I borrowed the extra hundred from Kat, and enlisted someone I knew to ride out to Jersey City with me on the train, a guy who was something of an ex-boyfriend. Even though I was enigmatic about why we were going to Jersey City at night, he guessed what was up, and seemed fairly entertained at the prospect.
This time, there was no one in the waiting room. The doctor looked very annoyed when he saw that I wasn't alone. My friend stayed out there while I went into the office. The doctor locked the door behind us.
The doctor stood next to me, leaned on me heavily, and rubbed his two hands up my thigh, all the way up, so that his fingertips collided with my crotch. I understood then that he'd known perfectly well on my last visit that he wasn't going to go through with it.You are a beautiful girl, a beautiful girl, he breathed moistly onto my face as his hands slid up and down, up and down.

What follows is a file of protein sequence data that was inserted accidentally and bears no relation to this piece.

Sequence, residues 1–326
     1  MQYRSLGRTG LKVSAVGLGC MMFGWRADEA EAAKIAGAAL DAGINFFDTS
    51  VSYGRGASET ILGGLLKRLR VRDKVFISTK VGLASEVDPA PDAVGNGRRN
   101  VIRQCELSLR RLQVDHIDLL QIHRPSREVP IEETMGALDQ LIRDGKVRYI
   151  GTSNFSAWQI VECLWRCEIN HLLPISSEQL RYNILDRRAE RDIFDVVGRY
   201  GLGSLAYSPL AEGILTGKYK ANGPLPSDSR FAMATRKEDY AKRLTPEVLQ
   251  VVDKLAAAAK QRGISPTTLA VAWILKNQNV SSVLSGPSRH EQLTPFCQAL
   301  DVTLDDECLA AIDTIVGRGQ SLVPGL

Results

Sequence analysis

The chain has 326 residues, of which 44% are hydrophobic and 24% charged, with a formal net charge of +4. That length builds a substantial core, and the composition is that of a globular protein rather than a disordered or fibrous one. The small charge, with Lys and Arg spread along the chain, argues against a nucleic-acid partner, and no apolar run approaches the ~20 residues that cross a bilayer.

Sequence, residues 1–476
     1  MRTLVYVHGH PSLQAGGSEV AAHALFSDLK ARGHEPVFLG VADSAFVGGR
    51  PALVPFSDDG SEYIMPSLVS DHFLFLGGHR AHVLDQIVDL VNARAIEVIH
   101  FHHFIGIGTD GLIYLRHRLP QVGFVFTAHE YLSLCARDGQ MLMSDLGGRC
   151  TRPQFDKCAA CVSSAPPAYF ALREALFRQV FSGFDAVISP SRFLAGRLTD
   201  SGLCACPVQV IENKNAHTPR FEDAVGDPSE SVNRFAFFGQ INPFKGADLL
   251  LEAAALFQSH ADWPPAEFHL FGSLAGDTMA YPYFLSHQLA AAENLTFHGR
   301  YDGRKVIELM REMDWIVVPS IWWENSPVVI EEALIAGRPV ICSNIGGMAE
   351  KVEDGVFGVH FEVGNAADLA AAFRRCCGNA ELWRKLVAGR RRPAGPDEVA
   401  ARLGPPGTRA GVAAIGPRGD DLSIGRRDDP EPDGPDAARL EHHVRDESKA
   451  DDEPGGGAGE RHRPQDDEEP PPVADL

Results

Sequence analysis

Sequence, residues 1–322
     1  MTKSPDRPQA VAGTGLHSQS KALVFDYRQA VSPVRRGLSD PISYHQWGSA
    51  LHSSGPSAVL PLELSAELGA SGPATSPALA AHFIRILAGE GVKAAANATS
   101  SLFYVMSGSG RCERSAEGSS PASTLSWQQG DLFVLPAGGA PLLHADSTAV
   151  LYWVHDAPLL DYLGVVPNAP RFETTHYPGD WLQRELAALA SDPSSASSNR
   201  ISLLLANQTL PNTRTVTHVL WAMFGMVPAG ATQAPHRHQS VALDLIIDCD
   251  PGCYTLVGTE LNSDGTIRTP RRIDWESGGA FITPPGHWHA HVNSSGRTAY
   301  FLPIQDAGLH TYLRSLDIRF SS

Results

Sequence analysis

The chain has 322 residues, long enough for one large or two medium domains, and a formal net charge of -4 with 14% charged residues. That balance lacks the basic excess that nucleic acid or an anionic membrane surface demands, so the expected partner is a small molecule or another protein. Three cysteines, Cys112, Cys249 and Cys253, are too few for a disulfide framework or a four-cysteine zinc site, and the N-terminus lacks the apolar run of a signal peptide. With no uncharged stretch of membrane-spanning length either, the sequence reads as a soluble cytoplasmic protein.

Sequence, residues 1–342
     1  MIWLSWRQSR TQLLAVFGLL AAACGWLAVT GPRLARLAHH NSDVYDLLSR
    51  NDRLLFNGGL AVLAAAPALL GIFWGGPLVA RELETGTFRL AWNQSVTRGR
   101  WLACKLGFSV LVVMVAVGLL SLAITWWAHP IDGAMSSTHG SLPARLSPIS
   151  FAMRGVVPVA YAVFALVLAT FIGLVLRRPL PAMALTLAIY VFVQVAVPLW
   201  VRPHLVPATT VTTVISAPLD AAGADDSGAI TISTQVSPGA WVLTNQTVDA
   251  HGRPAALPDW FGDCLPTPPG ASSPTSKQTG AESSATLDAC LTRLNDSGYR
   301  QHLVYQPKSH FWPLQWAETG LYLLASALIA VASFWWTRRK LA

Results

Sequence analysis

When I was on the table, he stood between my legs and pressed and ground his pelvis against me and then put his fingers in for a while.
Then he said: You are too far gone. I cannot do it.
I put my legs down and sat up. He stood next to me, leaned on me heavily, and rubbed his two hands up my thigh, all the way up, so that his fingertips collided with my crotch. I understood then that he'd known perfectly well on my last visit that he wasn't going to go through with it.
You are a beautiful girl, a beautiful girl, he breathed moistly onto my face as his hands slid up and down, up and down. It is too late. Take my advice. Have the baby. Have the baby.
He unlocked the sliding doors and beckoned my friend in.
Get married, he said. Have the baby.
Hey, I'm not the guy, said my friend.
What about my hundred dollars? I asked.
Get out of here, the doctor said, and turned his back.
When we got to my friend's train stop, he walked off whistling a jaunty tune. Good luck, he said, and was gone.